The façade of realism crumbles within a few minutes when Debbie Does Dallas steed Rob Kerman shows up as a pipe-chomping cultural-studies professor, recruited to pierce the jungle and locate their film footage in hope that it might solve the mystery of their disappearance. Or, at least, contain a bunch of gristly sensationalism that the mission’s sponsoring TV network can exploit for big ratings. Again, echoes of Network (no more so than when the films are found and the executives screen the raw footage—some of which, by the way, is reportedly actual atrocity footage from Africa—with stone faces), but the profligacy of the media is not the only germ of forced social insight with which Deodato infects his already ill movie. There’s also a nod to the issue of cultural imperialism, characterized with the juxtapositions between the two separate jungle episodes and the smugness of the civilized world of the city. There’s an ill-advised and radically inadequate moment when the four bastard filmmakers arrive in a cannibal tribe’s village and, without premeditation, round them up under a massive grass hut and light fire to the structure, killing everyone inside a la My Lai.

But nothing comes under attack so frequently and so gothically as does the vagina. One of Kerman’s first privileged sights upon entering the tangle is a tribal punishment for an adulterous woman (suspiciously Caucasian) involving rape, more rape, rape with a giant stone dildo, and finally a death blow delivered with clods of stone-laced clay shoved directly up the genitalia. Men aren’t the only agents of vaginal abuse in Cannibal Holocaust. Perhaps the film’s most unsettling sequence involves a forced abortion performed by fellow tribeswomen, who spike the snatched fetus into the riverbed like a football in the end zone. (Small wonder that 2,000 males have registered their votes for the film over at the IMDb, compared to 98 females.)

What’s really inexcusably evil about Cannibal Holocaust is the callous, systematic on-screen animal slaughter. And I don’t mean that in the PC/PETA sense, to be easily refuted by misguided appeals to “the needs” of “the artist” to be absolved from “the constrictions” of “morality,” usually mounted by hipsters citing Jean Renoir’s The Rules of the Game. I mean it in the sense that the punctuations of animal snuff throughout the film are used solely as a cheap nausea-prime, a means by which to validate the film’s already uncannily realistic human violence and keep the audience’s gastric juices at full boil. Whenever the accumulating fictional feasts of flesh or debasements of female genitalia and/or non-white humanity threaten to topple over into the territory of Grand Guignol and, consequently, allow most sensible viewers to scale back their moral commitment, you can sure bet that lurking somewhere in the periphery is a herbivorous animal about to be shot, kicked around, beheaded, or sliced clean open. In the first half-hour, the Amazon guide nonchalantly lances a muskrat’s neck with a switchblade; the creature dies with a stultified look of terror on his frozen face, and we get a big close up. Later in the film, the same happens to a monkey (the only point at which I averted my eyes; I’m damned if I’m going to watch the cutest of animals get its head lopped off for a shallow anti-human diatribe). But the film’s puke-worthy coup de gross is when the four documentarian punks drag a giant (endangered) turtle out of the river, flip it on its back, hack off its head (you don’t really know it’s still alive until that point, when it’s chubby little legs start flailing wildly), and pry open its shell to reveal the soupy mess inside. In Bill Landis and Michelle Clifford’s Sleazoid Express (a vivid and exacting critical appraisal of grindhouse’s heyday), the film’s star Kerman confirms that Deodato gladly sanctioned the murders. Kerman says he prayed for God to punish the director by making his film flop. So remember that every dollar you spend at a Landmark box office goes directly to the Church of Satan, tax exempt.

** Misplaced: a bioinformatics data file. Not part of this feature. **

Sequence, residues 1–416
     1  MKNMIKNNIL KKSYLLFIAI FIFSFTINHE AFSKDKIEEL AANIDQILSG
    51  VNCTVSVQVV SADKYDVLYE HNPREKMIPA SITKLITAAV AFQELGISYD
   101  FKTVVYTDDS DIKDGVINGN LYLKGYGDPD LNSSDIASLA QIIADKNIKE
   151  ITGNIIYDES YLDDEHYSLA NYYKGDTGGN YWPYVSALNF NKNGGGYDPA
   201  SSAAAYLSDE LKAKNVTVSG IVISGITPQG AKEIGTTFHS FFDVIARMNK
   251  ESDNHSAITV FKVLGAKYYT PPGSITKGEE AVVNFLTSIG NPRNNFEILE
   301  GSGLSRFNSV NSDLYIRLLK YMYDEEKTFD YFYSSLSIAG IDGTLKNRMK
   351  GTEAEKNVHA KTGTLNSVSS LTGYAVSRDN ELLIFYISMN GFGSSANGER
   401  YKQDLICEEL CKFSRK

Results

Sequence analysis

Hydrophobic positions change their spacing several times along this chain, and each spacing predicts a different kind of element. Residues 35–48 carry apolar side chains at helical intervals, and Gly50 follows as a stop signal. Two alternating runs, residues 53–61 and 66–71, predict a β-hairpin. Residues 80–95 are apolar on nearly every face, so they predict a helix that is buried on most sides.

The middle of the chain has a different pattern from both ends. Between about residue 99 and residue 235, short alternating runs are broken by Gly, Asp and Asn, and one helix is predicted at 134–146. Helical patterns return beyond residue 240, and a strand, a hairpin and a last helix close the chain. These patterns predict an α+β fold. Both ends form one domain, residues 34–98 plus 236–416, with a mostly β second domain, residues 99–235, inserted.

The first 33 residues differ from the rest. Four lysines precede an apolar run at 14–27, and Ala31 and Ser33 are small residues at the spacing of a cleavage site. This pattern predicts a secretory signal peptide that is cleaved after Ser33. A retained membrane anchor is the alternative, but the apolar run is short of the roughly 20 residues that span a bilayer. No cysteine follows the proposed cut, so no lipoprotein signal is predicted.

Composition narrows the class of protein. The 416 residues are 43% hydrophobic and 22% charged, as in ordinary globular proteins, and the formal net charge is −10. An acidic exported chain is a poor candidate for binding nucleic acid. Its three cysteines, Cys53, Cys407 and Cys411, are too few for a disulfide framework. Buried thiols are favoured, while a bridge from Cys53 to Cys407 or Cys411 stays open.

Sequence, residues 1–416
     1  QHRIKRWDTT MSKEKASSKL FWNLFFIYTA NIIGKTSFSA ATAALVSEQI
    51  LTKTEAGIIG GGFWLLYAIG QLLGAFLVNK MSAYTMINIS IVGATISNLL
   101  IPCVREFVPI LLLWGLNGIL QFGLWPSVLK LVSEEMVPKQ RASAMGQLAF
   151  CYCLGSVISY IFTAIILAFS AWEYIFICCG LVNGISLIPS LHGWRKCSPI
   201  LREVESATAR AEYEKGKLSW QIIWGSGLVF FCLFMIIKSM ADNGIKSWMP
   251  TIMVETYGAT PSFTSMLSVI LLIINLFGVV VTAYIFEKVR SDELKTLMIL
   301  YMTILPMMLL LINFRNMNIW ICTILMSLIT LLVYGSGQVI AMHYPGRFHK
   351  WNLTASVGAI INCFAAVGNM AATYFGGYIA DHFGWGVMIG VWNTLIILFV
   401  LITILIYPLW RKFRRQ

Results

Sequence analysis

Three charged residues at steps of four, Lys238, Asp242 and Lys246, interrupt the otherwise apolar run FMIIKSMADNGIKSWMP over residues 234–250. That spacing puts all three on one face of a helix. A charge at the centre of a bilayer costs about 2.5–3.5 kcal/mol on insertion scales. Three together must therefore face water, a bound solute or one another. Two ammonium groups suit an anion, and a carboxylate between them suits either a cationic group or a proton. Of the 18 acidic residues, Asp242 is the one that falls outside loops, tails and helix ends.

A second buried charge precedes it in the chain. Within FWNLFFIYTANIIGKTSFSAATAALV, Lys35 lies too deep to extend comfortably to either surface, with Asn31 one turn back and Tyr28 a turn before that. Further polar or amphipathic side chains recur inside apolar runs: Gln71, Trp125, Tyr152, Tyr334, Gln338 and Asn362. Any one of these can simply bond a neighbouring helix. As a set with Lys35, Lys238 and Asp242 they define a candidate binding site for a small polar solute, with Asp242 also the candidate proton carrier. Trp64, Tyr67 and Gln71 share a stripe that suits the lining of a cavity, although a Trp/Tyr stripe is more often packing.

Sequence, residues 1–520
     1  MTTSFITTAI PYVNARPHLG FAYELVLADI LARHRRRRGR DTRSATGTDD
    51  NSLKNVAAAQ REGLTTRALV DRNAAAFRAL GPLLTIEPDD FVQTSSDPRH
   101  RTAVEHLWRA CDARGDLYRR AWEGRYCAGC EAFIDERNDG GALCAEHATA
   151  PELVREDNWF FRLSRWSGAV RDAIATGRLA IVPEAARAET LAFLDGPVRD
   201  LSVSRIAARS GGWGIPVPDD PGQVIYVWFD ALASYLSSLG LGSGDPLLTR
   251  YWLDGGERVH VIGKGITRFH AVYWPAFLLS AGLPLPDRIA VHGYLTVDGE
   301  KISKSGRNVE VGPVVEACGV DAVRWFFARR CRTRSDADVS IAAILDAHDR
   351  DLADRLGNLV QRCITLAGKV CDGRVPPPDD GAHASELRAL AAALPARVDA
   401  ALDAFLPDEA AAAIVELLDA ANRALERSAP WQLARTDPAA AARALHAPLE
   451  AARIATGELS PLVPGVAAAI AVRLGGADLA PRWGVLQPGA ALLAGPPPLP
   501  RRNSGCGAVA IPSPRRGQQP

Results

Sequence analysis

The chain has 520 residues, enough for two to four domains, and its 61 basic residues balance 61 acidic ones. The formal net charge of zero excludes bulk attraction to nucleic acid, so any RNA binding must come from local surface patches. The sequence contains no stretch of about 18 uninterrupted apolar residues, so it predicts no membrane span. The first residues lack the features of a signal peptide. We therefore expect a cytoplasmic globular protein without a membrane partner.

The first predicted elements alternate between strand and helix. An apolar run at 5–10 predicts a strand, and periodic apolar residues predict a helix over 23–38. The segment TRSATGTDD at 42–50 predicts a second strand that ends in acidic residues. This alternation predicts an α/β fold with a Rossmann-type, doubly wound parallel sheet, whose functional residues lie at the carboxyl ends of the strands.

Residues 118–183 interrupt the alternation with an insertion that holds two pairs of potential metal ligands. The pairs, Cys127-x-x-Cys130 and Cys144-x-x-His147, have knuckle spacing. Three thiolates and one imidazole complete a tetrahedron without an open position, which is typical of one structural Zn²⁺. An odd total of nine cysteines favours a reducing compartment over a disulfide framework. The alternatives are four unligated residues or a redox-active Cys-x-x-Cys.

If the animal executions render the film unforgettable for the worse, the more-than-necessary musical score from Italian grindhouse hero Riz “more than the greatest love the world has known” Ortolani elevates the entire shitty enterprise to a legitimately powerful, harrowing state. If anyone is responsible for duping masochistic grindhouse bloodsuckers into believing that Cannibal Holocaust is about anything so much as the filmmakers’ bad faith, it’s Ortolani’s careful compositions, which walk the tightrope between elegance and scuzz with confidence. I’m sure if I were among the film’s deathcore-loving cult demographic, I’d probably snicker at Ortolani’s leitmotifs like nearly everyone did at my screening, what with those incessant electronic Tom Drum effects (at the synthesizer’s most conspicuous, it’s like the backing track for a dour Karen Carpenter cover of Anita Ward’s “Ring My Bell”). But beyond the ’70s trappings is a moving, string-driven requiem for civilization; so far as the grindhouse curve goes, the pathos rivals Charles Ives’s “The Unanswered Question” or Bernstein’s On the Waterfront cue for the discovery of Charlie in the snowy alleyway. Also, at key moments, Ortolani nearly seems to be working against Deodato’s intentions with an anachronistically lush, swooning romanticism. It’s every bit as schizophrenic as the score he wrote for Jacopetti and Prosperi’s Goodbye Uncle Tom. Which, come to think of it, is one of the very few ’70s sleaze-terpieces that rivals Cannibal Holocaust for being artful enough to demand serious critical consideration, yet foul enough to christen you a pervert for even bothering.

DVD | Soundtrack
Grindhouse Releasing
95 min
Ruggero Deodato
Gianfranco Clerici
Robert Kerman, Francesca Ciardi, Perry Pirkanen, Luca Barbareschi, Salvatore Basile, Ricardo Fuentes, Gabriel Yorke